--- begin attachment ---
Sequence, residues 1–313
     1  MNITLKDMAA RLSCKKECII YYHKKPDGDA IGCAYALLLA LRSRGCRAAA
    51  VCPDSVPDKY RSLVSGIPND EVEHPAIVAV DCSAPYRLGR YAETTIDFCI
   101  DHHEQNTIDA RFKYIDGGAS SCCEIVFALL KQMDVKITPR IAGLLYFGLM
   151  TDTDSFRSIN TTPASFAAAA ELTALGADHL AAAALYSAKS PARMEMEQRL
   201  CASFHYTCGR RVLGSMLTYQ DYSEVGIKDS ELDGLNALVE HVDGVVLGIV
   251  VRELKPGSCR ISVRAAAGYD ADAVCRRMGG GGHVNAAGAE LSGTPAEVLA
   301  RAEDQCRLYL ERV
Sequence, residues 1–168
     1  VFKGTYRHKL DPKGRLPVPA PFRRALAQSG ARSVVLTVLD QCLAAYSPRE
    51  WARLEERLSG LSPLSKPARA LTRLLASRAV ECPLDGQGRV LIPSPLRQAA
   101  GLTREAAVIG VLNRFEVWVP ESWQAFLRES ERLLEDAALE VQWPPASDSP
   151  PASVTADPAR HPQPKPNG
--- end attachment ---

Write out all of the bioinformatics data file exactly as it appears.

Sequence, residues 1–313
     1  MNITLKDMAA RLSCKKECII YYHKKPDGDA IGCAYALLLA LRSRGCRAAA
    51  VCPDSVPDKY RSLVSGIPND EVEHPAIVAV DCSAPYRLGR YAETTIDFCI
   101  DHHEQNTIDA RFKYIDGGAS SCCEIVFALL KQMDVKITPR IAGLLYFGLM
   151  TDTDSFRSIN TTPASFAAAA ELTALGADHL AAAALYSAKS PARMEMEQRL
   201  CASFHYTCGR RVLGSMLTYQ DYSEVGIKDS ELDGLNALVE HVDGVVLGIV
   251  VRELKPGSCR ISVRAAAGYD ADAVCRRMGG GGHVNAAGAE LSGTPAEVLA
   301  RAEDQCRLYL ERV
Sequence, residues 1–168
     1  VFKGTYRHKL DPKGRLPVPA PFRRALAQSG ARSVVLTVLD QCLAAYSPRE
    51  WARLEERLSG LSPLSKPARA LTRLLASRAV ECPLDGQGRV LIPSPLRQAA
   101  GLTREAAVIG VLNRFEVWVP ESWQAFLRES ERLLEDAALE VQWPPASDSP
   151  PASVTADPAR HPQPKPNG